The Department of Education failed to adequately represent parents and students on a negotiating panel named to help craft new federal rules on standards and testing, advocacy groups for civil rights and disadvantaged children charged this month.
They say the agency disregarded explicit language in the “No Child Left Behind” Act of 2001 about the composition of the “negotiated rulemaking” panel. That congressional direction, in the groups’ view, was intended to ensure that key beneficiaries of the new law—students and parents—had ample say on regulations for carrying it out.
But department officials and several panelists defended the committee’s composition. Shortly after the committee convened last week, the panelists voted against adding more participants.
The panel proceeded over three days, March 11-13, to discuss and debate a first draft of the regulations written by the Education Department. To the chagrin of some of those same advocates seeking a seat at the table, the panel tentatively agreed to give states considerable latitude in designing their testing systems.
Meanwhile, the last word on the negotiating panel’s composition may not have been heard. The Center for Law and Education, a Washington-based advocacy group, and three other groups have sued the Education Department in a bid to compel changes in the panel before the regulations move forward.
A ruling in the federal lawsuit, filed here, is not expected until well after the panel finishes its work this week. If the plaintiffs prevail, that work could be null and void.
“There is enormous disproportion around this table,” Paul Weckstein, a co-director of the Center for Law and Education, told the panelists as they prepared to begin the negotiations.
The new federal law, a reauthorization of the Elementary and Secondary Education Act, says the department must select participants in the negotiations “in such numbers as will provide an equitable balance between representatives of parents and students and representatives of educators and education officials.”
Mr. Weckstein noted that there were 19 educators and education officials at the table. By contrast, “there are two parents, one from public schools, and one from private schools,” he said. “It is hard to perceive any rationale under which that represents equitable representation between those two bodies.”
Jude McCartin, a spokeswoman for Sen. Jeff Bingaman, D-N.M., who helped write the bipartisan law, signed by President Bush in January, also expressed disappointment at the panel’s makeup.
“This is not the balance that Senator Bingaman was hoping for,” she said, though she added that the decision was out of Congress’ hands.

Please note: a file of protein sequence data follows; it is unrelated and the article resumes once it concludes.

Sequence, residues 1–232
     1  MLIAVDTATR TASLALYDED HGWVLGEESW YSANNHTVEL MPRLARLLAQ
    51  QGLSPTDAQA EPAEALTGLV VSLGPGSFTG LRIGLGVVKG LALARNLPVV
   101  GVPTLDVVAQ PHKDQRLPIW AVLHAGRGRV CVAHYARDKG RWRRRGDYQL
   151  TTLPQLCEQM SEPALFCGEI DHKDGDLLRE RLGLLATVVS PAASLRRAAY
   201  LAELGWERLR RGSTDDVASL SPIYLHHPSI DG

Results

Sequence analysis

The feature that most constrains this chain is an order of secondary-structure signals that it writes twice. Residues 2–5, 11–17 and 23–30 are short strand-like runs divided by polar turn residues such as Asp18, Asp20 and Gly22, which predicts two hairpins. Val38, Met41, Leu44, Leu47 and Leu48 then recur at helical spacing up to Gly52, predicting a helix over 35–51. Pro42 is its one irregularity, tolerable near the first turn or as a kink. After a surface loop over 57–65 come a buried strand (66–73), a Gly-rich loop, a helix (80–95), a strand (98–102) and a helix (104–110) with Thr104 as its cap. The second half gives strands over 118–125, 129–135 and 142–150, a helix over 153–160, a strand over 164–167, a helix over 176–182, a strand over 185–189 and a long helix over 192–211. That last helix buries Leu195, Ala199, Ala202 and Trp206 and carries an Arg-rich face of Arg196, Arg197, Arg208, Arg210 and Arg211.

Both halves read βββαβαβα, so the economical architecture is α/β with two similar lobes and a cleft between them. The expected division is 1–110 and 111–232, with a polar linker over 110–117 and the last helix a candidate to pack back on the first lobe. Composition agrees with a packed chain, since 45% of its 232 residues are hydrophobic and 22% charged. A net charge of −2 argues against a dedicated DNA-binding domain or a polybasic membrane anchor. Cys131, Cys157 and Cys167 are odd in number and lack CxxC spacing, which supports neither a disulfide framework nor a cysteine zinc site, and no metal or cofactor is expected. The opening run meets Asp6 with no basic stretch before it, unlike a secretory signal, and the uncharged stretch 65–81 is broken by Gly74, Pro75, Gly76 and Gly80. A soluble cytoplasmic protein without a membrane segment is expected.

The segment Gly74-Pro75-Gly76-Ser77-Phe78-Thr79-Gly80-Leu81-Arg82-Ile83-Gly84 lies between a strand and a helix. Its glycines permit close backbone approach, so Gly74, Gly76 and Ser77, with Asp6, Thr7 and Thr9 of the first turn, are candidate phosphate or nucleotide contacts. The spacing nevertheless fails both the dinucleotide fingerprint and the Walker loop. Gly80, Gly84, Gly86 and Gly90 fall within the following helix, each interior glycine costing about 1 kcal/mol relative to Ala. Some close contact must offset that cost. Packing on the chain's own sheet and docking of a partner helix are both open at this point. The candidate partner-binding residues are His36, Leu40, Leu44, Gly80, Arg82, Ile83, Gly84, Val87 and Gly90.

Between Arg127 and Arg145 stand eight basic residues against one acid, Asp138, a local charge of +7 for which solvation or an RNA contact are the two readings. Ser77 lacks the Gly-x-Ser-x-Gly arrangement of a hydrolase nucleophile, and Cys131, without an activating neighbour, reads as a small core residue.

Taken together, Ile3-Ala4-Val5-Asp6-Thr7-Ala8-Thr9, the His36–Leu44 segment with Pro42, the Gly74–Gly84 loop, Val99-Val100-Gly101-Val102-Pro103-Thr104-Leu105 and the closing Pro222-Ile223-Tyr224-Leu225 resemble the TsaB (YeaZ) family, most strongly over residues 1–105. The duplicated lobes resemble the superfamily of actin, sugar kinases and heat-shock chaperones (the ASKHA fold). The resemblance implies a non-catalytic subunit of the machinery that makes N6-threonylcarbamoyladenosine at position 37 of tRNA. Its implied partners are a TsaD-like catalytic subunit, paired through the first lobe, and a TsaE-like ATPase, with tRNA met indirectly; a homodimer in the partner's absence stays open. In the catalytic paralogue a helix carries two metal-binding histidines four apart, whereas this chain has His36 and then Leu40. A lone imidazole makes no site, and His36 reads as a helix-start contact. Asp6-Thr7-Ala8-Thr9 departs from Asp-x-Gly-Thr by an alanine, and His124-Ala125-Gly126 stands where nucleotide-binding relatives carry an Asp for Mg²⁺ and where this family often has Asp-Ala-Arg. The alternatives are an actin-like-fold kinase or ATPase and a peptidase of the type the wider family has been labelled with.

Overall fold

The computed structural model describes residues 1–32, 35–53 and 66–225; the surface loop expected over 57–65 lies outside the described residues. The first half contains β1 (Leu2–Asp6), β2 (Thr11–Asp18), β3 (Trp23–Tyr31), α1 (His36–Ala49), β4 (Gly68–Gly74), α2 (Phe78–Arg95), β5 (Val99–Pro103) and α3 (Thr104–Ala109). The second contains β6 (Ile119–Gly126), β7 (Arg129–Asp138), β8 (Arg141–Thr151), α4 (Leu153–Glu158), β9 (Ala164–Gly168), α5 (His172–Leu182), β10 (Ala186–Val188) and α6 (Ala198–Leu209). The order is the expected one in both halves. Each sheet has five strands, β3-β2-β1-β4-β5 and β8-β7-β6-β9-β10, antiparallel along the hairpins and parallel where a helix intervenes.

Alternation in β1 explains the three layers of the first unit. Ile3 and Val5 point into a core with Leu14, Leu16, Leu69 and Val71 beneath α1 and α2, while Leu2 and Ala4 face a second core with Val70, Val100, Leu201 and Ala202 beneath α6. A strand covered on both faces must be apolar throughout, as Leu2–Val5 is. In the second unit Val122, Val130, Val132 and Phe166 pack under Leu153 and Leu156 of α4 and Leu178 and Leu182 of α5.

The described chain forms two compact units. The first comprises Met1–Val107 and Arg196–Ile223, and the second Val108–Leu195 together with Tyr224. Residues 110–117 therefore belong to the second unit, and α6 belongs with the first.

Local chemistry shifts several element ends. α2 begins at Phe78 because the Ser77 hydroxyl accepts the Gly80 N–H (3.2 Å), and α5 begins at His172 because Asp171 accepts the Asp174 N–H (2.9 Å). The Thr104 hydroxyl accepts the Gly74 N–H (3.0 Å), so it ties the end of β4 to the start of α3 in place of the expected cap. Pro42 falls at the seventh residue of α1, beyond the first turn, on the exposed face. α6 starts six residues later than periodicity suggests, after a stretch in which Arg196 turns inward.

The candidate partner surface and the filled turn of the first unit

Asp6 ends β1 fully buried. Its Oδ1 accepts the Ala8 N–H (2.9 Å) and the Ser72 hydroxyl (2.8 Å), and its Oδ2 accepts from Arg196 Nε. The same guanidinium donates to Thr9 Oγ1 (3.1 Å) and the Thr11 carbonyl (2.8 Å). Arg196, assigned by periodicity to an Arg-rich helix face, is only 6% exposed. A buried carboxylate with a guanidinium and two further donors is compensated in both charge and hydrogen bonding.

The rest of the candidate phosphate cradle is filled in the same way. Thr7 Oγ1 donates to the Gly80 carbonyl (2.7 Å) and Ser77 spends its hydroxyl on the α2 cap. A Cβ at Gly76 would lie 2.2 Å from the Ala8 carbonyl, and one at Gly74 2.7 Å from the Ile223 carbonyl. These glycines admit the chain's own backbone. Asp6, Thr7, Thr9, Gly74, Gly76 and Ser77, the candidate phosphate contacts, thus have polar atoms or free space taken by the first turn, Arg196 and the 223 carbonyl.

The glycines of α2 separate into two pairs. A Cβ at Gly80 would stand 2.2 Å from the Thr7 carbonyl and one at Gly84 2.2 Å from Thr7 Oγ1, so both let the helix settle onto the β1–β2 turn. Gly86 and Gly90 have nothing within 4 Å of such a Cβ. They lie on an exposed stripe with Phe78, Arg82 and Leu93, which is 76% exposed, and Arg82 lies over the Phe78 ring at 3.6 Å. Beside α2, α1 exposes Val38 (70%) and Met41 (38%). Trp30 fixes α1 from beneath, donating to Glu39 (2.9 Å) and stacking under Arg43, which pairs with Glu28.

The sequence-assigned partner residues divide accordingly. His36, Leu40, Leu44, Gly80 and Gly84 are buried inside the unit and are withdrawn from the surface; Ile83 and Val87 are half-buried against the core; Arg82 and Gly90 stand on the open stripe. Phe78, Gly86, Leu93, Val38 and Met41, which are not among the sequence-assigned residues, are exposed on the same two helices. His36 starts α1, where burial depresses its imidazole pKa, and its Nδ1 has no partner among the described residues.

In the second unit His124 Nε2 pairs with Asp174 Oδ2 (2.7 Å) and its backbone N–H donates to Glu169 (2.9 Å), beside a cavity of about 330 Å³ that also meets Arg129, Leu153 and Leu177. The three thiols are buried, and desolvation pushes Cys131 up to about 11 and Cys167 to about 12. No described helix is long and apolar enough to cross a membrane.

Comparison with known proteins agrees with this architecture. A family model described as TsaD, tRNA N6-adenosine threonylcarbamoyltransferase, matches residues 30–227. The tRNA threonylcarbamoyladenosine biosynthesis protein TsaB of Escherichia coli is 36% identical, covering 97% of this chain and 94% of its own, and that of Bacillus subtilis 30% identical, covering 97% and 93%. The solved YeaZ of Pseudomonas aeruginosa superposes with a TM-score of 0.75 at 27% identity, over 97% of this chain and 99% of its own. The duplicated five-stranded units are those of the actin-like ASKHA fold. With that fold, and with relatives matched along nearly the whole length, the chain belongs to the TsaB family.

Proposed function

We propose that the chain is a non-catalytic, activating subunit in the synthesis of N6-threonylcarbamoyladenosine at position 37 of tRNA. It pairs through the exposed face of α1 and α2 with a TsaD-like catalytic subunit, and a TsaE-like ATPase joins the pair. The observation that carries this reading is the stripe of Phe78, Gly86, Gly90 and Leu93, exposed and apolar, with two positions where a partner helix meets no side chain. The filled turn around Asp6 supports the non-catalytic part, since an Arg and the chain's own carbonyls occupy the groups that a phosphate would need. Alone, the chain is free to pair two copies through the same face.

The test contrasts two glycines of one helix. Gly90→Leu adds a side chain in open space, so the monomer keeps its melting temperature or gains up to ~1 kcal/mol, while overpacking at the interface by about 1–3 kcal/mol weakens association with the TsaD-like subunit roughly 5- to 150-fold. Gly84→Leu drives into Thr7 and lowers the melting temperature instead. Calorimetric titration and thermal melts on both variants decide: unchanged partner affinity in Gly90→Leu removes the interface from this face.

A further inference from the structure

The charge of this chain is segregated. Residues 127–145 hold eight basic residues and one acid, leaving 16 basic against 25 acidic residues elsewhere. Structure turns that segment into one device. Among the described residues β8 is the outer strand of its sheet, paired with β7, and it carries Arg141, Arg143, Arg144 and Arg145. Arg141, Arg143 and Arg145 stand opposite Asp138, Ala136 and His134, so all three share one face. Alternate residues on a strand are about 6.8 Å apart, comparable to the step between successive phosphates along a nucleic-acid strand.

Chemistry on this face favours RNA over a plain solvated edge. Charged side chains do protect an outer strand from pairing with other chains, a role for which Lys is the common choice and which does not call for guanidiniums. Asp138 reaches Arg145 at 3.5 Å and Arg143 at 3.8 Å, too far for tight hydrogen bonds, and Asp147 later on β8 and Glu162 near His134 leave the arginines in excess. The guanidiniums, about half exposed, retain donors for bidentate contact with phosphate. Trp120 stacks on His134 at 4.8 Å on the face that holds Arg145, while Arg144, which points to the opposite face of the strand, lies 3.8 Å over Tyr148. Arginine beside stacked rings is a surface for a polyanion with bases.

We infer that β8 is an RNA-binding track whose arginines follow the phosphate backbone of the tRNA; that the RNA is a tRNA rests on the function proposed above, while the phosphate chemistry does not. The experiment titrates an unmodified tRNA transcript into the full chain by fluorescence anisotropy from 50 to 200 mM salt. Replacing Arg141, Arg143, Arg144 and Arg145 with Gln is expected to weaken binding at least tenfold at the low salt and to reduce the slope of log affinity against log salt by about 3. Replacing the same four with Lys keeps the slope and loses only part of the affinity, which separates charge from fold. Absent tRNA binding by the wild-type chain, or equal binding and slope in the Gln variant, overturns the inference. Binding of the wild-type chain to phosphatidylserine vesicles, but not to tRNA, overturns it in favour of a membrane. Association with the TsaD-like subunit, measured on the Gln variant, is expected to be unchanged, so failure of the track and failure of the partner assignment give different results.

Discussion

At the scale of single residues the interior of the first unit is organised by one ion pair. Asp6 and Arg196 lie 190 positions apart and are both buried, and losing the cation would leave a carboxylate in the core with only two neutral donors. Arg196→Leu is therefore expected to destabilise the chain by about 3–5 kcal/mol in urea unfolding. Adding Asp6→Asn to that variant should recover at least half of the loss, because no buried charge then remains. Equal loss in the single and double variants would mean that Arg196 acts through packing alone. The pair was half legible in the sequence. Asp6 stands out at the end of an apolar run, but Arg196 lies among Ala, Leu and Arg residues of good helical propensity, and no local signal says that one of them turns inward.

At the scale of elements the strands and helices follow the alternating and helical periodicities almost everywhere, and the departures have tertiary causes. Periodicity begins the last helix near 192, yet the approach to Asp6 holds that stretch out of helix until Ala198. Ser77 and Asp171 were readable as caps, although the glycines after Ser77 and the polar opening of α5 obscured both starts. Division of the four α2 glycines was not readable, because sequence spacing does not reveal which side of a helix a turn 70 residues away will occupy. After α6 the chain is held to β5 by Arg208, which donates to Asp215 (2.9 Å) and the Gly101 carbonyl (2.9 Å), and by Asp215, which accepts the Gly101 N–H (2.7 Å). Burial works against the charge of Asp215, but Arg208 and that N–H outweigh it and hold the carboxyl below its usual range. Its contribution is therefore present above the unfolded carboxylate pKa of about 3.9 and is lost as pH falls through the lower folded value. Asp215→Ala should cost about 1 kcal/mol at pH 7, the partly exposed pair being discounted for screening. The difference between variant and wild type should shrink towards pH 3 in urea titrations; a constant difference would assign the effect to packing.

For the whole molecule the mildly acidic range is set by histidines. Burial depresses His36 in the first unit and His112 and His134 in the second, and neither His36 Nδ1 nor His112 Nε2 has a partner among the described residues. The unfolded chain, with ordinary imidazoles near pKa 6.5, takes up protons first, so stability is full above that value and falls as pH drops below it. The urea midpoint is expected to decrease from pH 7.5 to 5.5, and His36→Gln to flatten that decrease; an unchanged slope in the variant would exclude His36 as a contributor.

Susan B. Neuman, the Education Department’s assistant secretary for elementary and secondary education, said the agency’s actions were appropriate.
“We stand by our process,” she said, arguing that it was “fair” and “just,” and that it followed the letter of the law. She also suggested that many panelists at the table wear multiple hats.
“A lot of these people ... cross lines,” she said. “A lot of these people are both parents and teachers, parents and state [officials].”
The department is currently working on regulations and guidance to help flesh out the revised ESEA, the main federal law on K-12 education. The new law requires the department to establish a negotiated-rulemaking process for the regulations on standards and testing. Although the panel’s efforts are expected to help shape the rules, the department is not legally bound by them.
The panel met on Monday through Wednesday of last week at a hotel near Washington, and is scheduled to complete its work this week. It has 24 members, including two Education Department officials. The protocol for the negotiating committee lists seven participants as representing parents and students, including three state education officials, an elementary school teacher, and a private school administrator.
Dianne M. Piché, the executive director of the Citizens’ Commission on Civil Rights, said that while all participants may consider themselves children’s advocates, there is a crucial distinction between those who must comply with the law and those who represent its intended beneficiaries.
Ms. Piché's group unsuccessfully sought a seat at the table, but is not a party to the lawsuit. The two participants exclusively representing the viewpoint of parents were also upset.